Presentation on theme: "IMMUNIZATION Immunization??? Reduce mortality and morbidity of mathernal and baby."— Presentation transcript:
IMMUNIZATION Immunization??? Reduce mortality and morbidity of mathernal and baby
Rubella infection in pregnancy is likely to cause fetal infection, which can result in miscarriage, fetal demise, and serious birth defects (e.g., cataracts, heart disease, deafness, intellectual disability). Influenza infection increases the risk of serious complications in pregnant women and their newborns, as well as the risk of premature labor and delivery.
Reduced tetanus toxoid, diphtheria toxoid, and acel-lular pertussis (Tdap) vaccine should be provided during each pregnancy Preferably between 27 and 36 weeks of gestation. This timing recommendation is based on the maternal immune response, which peaks two weeks after administration.
If not given during pregnancy (and for the protection of the newborn), The Tdap vaccine should be administered immediately postpartum in any woman who has not previously received it. If Tdap vaccination history cannot be confirmed through written records, the patient should be considered unvaccinated and should receive a Tdap vaccine.
63% received Tdap in the first trimester and 37% after. Tdap was given most commonly as wound prophylaxis. The incidence of spontaneous or elective abortion was no greater in Tdap cases There were no significant differences in preterm delivery, gestational age, or birth weight between groups. One or more congenital anomaly was identified
The influenza vaccine is safe in pregnancy, vaccinating all pregnant women during any trimester should be a priority to minimize these risks. They will be pregnant during the flu season (or up to 3 months postpartum during flu season).
Although the effects of varicella virus on the fetus are unknown, there are theoretical concerns, and the risk of severe varicella virus infection may be higher in pregnant women. Therefore, vaccinating nonimmune women before pregnancy is recommended.
The hepatitis B vaccine has not been shown to cause any harm to the developing fetus. The hepatitis B vaccine should be provided to any pregnant woman at higher risk of exposure to hepatitis B (e.g., multiple sex partners, recent injection drug use). Adequate safety data do not exist for the hepatitis A vaccine, but the theoretical risks are low because it is produced from an inactivated virus. Women who are thought to be at high risk of exposure to hepatitis A should be considered for vaccination during pregnancy (e.g., travel to endemic countries, chronic liver disease ).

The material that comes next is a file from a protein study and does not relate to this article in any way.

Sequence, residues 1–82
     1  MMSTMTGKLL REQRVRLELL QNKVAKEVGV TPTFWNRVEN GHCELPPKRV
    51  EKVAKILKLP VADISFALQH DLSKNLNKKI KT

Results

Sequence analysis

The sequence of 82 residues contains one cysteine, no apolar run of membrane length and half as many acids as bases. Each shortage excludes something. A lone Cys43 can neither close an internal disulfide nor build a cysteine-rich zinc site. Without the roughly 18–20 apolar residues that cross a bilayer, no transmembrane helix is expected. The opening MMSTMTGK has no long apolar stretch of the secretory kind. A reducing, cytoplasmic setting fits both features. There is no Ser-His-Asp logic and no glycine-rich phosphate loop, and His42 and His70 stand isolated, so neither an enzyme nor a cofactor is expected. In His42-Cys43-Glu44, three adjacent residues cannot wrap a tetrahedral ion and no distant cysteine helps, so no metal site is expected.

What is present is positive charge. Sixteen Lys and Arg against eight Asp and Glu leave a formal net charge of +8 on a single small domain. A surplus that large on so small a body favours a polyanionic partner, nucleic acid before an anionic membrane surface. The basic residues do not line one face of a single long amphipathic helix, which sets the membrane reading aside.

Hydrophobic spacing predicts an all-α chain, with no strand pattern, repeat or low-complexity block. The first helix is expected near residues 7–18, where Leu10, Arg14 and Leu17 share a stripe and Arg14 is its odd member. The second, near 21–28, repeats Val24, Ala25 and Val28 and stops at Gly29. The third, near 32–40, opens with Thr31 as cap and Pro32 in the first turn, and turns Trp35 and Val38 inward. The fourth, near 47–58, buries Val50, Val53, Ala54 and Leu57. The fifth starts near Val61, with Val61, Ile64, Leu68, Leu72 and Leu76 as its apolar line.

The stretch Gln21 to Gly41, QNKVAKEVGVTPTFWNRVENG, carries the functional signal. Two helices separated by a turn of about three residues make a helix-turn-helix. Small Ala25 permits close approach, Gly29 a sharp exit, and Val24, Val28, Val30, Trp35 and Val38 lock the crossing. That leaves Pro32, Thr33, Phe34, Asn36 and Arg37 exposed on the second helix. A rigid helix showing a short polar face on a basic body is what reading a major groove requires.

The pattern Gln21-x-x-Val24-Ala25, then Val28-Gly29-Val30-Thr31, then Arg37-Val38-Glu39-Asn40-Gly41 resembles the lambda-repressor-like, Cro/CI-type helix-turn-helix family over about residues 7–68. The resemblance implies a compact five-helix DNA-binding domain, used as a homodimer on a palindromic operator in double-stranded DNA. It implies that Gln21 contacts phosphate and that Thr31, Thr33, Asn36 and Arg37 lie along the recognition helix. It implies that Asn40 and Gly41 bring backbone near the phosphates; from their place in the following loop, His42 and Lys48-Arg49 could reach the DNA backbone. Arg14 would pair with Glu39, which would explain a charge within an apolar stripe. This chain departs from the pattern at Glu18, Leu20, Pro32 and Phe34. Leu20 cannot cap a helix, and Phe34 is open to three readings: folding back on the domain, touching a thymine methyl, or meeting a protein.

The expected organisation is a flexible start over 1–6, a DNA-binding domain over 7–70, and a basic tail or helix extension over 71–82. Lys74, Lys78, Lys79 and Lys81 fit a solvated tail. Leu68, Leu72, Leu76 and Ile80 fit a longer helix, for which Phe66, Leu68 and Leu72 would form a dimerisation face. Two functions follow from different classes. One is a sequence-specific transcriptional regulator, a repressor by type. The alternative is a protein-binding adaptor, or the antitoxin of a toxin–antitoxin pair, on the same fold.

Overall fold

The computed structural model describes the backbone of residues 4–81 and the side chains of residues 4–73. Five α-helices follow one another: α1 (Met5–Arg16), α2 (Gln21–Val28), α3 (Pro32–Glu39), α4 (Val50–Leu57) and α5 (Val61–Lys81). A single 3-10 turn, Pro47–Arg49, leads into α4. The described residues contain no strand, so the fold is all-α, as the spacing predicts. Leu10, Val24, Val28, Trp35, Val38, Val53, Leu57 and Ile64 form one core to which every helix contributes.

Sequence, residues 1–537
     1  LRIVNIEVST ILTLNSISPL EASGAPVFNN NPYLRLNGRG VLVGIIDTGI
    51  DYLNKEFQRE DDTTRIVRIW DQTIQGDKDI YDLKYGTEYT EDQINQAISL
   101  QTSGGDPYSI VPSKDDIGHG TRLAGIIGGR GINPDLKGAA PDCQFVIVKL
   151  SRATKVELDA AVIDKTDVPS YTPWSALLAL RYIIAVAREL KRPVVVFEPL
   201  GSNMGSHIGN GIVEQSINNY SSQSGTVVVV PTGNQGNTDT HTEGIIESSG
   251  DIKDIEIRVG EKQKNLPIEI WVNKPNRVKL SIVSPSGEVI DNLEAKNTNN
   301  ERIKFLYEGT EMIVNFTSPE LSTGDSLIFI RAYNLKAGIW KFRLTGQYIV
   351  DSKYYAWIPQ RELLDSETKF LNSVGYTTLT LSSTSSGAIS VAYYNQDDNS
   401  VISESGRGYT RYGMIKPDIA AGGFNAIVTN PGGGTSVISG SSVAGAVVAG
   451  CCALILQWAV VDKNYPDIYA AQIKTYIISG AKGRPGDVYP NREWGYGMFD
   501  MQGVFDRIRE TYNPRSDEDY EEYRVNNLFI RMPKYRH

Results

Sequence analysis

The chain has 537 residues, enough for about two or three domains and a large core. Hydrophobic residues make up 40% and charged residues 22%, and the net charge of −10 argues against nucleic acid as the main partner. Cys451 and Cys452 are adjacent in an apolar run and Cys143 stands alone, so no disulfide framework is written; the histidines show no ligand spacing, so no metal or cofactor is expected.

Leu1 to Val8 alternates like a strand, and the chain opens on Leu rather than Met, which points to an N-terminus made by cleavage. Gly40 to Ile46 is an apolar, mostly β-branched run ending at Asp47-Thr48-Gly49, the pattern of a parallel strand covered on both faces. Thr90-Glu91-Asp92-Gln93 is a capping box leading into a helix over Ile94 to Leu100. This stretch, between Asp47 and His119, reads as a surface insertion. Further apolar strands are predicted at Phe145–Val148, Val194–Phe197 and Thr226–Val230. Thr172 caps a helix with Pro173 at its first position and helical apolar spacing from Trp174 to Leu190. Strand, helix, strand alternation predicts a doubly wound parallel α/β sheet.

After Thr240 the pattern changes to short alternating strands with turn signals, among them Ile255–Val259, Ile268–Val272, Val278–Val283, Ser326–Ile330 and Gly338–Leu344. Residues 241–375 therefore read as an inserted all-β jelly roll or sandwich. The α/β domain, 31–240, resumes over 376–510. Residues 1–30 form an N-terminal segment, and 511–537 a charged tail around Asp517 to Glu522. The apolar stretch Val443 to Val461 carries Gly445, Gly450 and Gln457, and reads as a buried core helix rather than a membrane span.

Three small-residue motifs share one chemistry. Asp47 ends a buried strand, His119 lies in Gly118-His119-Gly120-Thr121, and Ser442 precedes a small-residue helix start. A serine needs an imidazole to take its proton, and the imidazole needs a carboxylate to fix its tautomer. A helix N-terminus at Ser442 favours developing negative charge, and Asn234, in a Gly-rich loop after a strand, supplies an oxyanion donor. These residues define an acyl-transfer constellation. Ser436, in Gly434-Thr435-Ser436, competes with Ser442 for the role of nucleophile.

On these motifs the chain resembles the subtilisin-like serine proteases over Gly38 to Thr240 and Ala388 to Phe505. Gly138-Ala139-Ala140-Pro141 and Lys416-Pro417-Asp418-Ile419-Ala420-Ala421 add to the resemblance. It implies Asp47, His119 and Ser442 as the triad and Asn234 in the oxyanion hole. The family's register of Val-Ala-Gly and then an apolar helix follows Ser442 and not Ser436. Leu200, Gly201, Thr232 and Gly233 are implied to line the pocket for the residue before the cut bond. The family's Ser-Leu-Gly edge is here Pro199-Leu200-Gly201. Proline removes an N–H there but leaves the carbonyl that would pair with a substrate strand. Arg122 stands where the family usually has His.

Human papillomavirus (HPV) and herpes zoster vaccines are not recommended because of a lack of safety data in pregnant women
Immunization Live virus vaccines must be avoided during pregnancy because of possible effects on the fetus. These include measles, mumps,rubella (MMR), yellow fever (YF-Vax), and varicella (Varivax) vaccinations. The risks to the fetus from the administration of rabies vaccine (RabAvert, IMOVAX) are unknown.
1. Immediate/early effects include fainting and vasovagal reactions. These are differentiated from anaphylactic shock (see below). Patients who have received the vaccine should be kept in the waiting room for observation for 5 to 10 minutes 2. Local effects are mild and are the most common such as soreness, erythema, and swelling. 3. Systemic effects are less common and include malaise and fever. Side effects
1. Mild allergic reactions can also occur. In general, these will be in reaction to exposure to avian proteins (eggs, such as in yellow fever) or to traces of neomycin/streptomycin (MMR). Anaphylactic reactions are exceedingly rare. They should be recognized immediately and treated following local protocolswith injection of SC epinephrine (1:1000). 2. Long-termcomplications such as Guillain-Barre syndrome can occur but usually at rates lower than that seen for spontaneous disease.
The items on this list DO NOT represent contraindications to immunization 1.Mild acute illness with or without low-grade fever 2.Autoimmune disorder, multiple sclerosis 3.Family history of convulsions, epilepsy 4.Recent exposure to an infectious disease 5.Current antimicrobial therapy or convalescence from recent illness 6.Prior reaction to immunization with mild/moderate tenderness, redness, swelling, or fever of less than 40 °C 7.Personal history of allergies, excluding anaphylaxis, to neomycin/streptomycin or egg protein 8.Family history of adverse reaction or allergies to vaccines 9.Positive TB skin test